Halloween tropes in a COVID-19 world: A thin line between entertaining and insensitive


Source: Pixabay

Joseph Narvaez, Reporter

With the onset of Halloween, ghouls and goblins, along with countless other tropes and creatures once again make an appearance on many people’s front lawns. However, with many of our citizens, friends and family losing loved ones or their own lives during the pandemic, certain Halloween tropes can come-off as over the top and negatively affect people’s feelings.

The myriad of tropes that regularly permeate the Halloween season, often mixed with cute little make-believe goblins to outright gory depictions of potentially-real dangers, can border on bizarre cruelty rather than light-hearted humor after so many months of COVID-19 worries in the back of our heads. 

While many people see Halloween and all the scary symbolism as fun and only entertainment, to many, the all-too-recent reality of death has no fun in it. 

According to NBC, as of Oct. 30, there are 5 million COVID-19 confirmed deaths, with the U.S. holding 740,000 of those deaths. Plenty of people are still trying to grieve these deaths everyday, and the theme of “the living dead” rising from tombstones in your neighbor’s front lawn to wreak havoc on the living do not help this process.

Symbols of the grim reaper may very easily trigger feelings of fear, depression and anger in people worried about COVID-19 related deaths of loved ones or themselves.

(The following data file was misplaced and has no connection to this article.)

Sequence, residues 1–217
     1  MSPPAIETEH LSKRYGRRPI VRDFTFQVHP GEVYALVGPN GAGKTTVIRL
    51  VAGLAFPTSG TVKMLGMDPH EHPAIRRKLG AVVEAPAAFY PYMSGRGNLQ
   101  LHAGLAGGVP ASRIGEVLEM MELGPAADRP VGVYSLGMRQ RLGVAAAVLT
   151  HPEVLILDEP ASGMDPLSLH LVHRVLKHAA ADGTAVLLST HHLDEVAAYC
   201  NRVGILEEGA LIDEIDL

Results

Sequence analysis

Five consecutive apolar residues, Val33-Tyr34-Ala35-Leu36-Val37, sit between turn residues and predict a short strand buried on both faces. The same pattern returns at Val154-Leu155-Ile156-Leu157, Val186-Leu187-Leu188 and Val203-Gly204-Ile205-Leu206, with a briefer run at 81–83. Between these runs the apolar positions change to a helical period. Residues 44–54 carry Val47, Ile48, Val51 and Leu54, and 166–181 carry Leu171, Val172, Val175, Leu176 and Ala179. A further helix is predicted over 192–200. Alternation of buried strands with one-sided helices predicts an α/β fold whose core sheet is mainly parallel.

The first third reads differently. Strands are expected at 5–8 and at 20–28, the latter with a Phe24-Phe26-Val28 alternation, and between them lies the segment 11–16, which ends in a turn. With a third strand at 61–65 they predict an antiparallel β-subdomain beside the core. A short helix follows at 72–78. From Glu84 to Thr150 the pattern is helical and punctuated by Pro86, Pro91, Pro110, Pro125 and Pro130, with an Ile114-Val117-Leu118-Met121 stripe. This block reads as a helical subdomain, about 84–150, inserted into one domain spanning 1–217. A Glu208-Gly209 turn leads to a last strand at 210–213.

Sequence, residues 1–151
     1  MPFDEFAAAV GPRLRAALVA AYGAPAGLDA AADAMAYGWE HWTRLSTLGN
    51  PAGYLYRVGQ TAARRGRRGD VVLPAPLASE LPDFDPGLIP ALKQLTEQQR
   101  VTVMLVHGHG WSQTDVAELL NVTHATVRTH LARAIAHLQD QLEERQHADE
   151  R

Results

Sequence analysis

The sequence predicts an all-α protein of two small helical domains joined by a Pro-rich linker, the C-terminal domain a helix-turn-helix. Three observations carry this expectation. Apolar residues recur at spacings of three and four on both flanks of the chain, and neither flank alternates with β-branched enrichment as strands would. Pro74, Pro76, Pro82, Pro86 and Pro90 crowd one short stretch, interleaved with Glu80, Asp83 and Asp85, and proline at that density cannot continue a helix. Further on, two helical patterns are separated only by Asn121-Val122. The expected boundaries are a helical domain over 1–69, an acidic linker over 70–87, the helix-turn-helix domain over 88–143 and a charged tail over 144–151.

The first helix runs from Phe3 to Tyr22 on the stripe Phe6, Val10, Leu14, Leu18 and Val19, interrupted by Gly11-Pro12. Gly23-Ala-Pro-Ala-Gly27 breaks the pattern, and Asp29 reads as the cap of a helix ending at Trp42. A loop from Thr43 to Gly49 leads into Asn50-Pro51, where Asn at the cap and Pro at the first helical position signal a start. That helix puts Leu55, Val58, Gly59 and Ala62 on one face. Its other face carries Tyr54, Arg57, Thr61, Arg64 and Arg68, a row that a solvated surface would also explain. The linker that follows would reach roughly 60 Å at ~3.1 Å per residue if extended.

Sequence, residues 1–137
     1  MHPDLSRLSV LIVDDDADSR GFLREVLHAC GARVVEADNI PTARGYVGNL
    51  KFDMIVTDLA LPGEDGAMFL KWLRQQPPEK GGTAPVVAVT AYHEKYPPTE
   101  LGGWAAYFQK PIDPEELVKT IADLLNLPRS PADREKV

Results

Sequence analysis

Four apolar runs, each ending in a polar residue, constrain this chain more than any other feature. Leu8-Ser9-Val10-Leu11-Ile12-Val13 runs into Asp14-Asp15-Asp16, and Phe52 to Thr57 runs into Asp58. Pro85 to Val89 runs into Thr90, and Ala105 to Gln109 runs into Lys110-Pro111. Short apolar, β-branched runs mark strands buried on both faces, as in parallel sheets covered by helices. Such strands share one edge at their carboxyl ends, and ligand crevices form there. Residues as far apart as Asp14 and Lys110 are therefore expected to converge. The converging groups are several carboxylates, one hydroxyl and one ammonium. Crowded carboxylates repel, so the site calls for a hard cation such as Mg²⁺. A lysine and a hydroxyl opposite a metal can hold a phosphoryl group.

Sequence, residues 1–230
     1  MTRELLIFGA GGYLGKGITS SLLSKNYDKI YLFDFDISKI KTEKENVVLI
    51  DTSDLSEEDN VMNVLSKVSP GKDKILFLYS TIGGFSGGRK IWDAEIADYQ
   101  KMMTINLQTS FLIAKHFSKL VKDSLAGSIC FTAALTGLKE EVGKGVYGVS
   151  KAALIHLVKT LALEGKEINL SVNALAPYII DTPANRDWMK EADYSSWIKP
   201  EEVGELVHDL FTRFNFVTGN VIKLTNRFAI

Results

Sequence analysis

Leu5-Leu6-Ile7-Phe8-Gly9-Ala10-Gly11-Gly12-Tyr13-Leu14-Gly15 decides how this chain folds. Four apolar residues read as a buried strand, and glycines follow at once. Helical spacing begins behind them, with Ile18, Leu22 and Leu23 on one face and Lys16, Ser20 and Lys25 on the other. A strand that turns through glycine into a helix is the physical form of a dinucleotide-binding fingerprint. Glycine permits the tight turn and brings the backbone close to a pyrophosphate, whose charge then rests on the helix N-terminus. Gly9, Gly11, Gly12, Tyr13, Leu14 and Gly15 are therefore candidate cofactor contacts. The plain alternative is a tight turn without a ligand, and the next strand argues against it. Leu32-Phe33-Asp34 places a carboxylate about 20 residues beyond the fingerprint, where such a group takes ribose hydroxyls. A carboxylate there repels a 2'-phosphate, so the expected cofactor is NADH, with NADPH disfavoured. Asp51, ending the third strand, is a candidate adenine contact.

In my own Mexican culture, there exists deep-seated spiritual fears and beliefs associated with illness, death and the prospects of finding oneself in heaven or hell. The taunting of laughing spirits wishing to bring loved ones down to the depths of hell can be very unsettling to someone of my background in a time where so many have passed on from COVID-19.

Maniacal doctor costumes, and scenes of awful operations at haunted house displays are also able to create grotesque visions in one’s mind, particularly since COVID-19 restrictions often prevented people from being with their loved ones during hospital stays.

Once the world is beyond COVID-19, people might be ready for mad doctors and grim reapers to make an appearance during Halloween. But given the sensitive nature of the era we are still in, it is advisable to give considerable thought to any Halloween decorating this season.